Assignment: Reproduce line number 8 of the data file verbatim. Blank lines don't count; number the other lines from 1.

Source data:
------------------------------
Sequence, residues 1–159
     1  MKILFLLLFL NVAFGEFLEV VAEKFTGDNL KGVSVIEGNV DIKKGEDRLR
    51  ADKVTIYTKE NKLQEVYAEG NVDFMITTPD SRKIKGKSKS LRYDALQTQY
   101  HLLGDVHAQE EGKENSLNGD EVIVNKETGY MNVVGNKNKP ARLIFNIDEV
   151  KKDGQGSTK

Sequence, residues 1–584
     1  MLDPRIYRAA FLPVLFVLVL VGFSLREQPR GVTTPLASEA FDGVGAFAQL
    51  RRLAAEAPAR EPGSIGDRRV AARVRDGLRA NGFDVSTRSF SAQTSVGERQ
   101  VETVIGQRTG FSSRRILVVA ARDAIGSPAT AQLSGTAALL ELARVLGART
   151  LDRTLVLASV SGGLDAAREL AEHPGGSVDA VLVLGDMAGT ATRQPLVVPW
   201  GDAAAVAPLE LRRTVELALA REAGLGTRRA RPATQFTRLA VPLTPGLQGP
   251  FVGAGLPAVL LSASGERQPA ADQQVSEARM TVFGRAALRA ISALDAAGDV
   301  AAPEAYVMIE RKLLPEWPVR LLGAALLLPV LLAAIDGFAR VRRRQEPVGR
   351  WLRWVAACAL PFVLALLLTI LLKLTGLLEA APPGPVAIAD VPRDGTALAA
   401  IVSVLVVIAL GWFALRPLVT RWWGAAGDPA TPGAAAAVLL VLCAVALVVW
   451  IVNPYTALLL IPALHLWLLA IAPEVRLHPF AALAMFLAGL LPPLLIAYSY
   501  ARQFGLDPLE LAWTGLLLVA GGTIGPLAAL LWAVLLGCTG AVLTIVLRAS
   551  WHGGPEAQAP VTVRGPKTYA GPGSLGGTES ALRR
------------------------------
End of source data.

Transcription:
    51  RRLAAEAPAR EPGSIGDRRV AARVRDGLRA NGFDVSTRSF SAQTSVGERQ